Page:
For Clarinet Month on Bachtrack, we decided to conduct short interviews with clarinettists of some of the leading orchestras to get a view from the principal's desk and to learn more about the role of the clarinet within an orchestra. Alessandro Carbonare, principal clarinet with the Orchestra dell'Accademia Nazionale di Santa Cecilia, shares his love for Rome, Paris and Brahms.

© Lorenzo Baldrighi Artists Mangement
© Lorenzo Baldrighi Artists Mangement

What made you choose the clarinet?

I started very early when I was five years old. My fingers were quite short and therefore the clarinet was a good instrument. So it was for that simple reason that I chose the clarinet. When they gave me the instrument, it was like a toy and it’s still a toy for me.

Did you have any clarinet heroes, clarinettists you’ve looked up to?

My clarinet hero is the American clarinettist Richard Stoltzman. For me, everything he does is fantastic and I’m craving love for him.

How long have you been playing with the Orchestra dell'Accademia Nazionale di Santa Cecilia?

For 13 year years, I started in 2004. Before that, I was with the Orchestre National de France in Paris and I think those are two beautiful cities, Paris and Rome.

What’s your favourite orchestral solo? (Why?)

I have many, but I think, now that I’m in Rome, it’s the solo of Pini di Roma by Ottorino Respighi.

What’s your most dreaded orchestral solo? (And why?!)

Beethoven’s Sixth Symphony! That’s the most difficult solo, well, Beethoven is always difficult.

What’s your favourite clarinet concerto?

I could say Mozart, for sure. But I play the Copland Concerto very often and I think in this moment, it’s Aaron Copland, it’s fantastic. I’m a classical musician, but I also play a little bit of  jazz and this is somewhere in the middle. I like it a lot, because it gives me the possibility to open my mind a little bit more.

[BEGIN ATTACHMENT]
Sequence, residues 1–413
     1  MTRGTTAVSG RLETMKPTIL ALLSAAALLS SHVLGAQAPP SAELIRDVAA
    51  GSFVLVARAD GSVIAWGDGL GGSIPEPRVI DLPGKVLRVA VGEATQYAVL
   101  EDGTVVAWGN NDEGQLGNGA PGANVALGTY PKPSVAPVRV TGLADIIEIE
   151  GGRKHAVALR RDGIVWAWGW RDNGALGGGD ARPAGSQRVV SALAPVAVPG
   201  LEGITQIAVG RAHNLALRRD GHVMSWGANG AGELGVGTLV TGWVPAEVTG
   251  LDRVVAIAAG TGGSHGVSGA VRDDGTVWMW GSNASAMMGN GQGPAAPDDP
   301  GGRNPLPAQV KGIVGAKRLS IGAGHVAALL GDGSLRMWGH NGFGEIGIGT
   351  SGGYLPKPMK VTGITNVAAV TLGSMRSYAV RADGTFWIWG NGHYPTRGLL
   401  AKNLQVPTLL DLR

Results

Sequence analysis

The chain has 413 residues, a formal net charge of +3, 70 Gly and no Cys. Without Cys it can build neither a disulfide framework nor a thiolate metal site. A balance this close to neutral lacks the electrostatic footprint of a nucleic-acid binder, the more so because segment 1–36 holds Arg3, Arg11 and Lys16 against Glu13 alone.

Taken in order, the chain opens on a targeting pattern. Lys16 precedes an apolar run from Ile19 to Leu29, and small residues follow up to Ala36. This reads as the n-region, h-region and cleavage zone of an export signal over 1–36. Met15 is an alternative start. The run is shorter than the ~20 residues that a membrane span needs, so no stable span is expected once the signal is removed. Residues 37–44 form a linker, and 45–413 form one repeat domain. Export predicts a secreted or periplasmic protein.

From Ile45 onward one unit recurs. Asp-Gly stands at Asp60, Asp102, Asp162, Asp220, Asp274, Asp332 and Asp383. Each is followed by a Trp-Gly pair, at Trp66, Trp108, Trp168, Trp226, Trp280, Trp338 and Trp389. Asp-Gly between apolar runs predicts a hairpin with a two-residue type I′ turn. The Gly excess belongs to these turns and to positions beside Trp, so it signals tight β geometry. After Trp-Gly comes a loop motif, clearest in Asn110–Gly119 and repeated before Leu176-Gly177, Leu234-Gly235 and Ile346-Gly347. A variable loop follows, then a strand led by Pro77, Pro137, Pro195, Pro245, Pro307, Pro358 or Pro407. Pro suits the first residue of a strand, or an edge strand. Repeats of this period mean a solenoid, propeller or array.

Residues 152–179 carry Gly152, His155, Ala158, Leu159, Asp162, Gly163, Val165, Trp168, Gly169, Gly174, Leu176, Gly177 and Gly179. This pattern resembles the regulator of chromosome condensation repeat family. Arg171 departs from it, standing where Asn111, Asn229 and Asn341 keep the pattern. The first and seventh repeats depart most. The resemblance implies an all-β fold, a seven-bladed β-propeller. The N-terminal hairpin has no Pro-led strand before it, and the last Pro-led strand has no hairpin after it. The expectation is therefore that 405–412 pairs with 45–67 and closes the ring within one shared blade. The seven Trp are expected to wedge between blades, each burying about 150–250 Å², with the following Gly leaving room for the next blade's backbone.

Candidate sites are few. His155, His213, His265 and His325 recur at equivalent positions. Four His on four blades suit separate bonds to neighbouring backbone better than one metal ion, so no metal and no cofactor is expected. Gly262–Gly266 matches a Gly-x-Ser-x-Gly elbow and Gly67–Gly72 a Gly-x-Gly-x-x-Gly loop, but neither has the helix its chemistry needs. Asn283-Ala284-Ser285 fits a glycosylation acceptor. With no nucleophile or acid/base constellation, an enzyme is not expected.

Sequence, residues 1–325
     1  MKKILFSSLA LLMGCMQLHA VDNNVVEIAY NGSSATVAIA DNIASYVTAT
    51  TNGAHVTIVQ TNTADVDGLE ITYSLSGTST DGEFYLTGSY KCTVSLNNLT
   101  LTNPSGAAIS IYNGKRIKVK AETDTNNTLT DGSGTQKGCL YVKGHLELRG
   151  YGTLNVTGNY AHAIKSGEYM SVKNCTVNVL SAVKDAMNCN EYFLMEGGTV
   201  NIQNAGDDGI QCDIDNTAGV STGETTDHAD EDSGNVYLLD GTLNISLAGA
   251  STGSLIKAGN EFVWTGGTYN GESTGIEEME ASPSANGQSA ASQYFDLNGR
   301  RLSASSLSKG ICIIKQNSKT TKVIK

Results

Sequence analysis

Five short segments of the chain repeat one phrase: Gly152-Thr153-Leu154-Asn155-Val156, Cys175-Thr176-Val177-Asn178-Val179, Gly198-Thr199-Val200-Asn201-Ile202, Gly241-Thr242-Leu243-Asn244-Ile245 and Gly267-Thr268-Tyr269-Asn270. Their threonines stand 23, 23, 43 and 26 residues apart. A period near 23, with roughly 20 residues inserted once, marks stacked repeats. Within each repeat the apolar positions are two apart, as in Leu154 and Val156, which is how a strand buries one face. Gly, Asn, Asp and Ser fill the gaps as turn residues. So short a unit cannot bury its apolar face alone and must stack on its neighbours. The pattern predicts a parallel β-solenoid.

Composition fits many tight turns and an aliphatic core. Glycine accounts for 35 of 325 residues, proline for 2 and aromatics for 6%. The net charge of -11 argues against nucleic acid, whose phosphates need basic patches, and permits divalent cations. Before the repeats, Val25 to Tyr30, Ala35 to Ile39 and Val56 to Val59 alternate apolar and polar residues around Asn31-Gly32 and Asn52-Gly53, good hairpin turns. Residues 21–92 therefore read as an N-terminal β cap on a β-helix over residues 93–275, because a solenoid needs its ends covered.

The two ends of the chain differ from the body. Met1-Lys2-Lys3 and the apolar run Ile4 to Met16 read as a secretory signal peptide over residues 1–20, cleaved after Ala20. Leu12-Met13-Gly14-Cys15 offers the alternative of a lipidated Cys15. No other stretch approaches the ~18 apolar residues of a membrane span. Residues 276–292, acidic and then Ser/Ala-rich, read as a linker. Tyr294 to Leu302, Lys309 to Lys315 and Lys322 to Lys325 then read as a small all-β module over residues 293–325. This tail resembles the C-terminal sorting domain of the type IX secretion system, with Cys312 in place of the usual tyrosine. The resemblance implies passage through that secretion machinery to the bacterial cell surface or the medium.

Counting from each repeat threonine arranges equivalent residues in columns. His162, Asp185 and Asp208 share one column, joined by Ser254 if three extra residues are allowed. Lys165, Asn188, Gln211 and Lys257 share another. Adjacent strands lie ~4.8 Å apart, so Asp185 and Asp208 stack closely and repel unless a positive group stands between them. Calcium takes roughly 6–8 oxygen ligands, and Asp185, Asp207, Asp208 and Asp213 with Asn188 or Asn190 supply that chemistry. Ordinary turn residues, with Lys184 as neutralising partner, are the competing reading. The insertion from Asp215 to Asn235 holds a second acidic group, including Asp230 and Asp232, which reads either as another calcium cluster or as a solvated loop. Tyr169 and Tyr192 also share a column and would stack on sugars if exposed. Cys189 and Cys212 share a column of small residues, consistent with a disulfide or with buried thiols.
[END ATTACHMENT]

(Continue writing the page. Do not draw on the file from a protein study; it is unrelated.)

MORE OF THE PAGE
Which clarinet work do you think is most unfairly neglected?

I think that I’m lucky, because the clarinet has a very good repertoire and we have some incredible works. I’d like to play the Brahms Quintet a bit more often, I’d like to spend my life playing this work every day.

Do you get opportunities to perform concertos with your orchestra? What’s your most memorable performance as a concerto soloist?

Every two years I play a concerto with my orchestra and every year I play chamber music with members of the orchestra. We get the opportunity to spend time together and to play together outside the orchestra repertoire which is very important.

Can you give us a funny conductor anecdote? (Anonymous if need be!)

For 15 years I was the principal clarinet with Claudio Abbado. He was one of the funniest conductors to work with. He thinks serious, but he talks very funny. And I remember we played Beethoven’s Fourth Symphony and I started playing the solo in the second movement when he stopped and tried to explain to me how to play it! It was very strange, because normally, Claudio didn’t do this and it was almost impossible to understand and the entire orchestra was laughing. Claudio tried for ten minutes and then he told me, “Alessandro, I’m sorry. You played it fantastically. If you play it like this we will be okay.”

And finally, for the real clarinet nerds, what make of clarinet and what make and strength of reed do you play? Do you play on plastic reeds as well?

I play a Selmer clarinet, an instrument made for me. I play Vandoren reeds and, the model named V12 and the strength is 3.5. I tested plastic reeds and for a while I worked with someone in Canada who builds these reeds, but I don’t like them. It’s very easy, but I can’t imagine the same sound for every composer. I need different reeds, different sounds for different composers. With plastic reeds you have the same reed for months. It’s fantastic for students, because you play without any problems, but I’m a professional and when I play Mozart or when I play Brahms I need something different. I need to change the sound.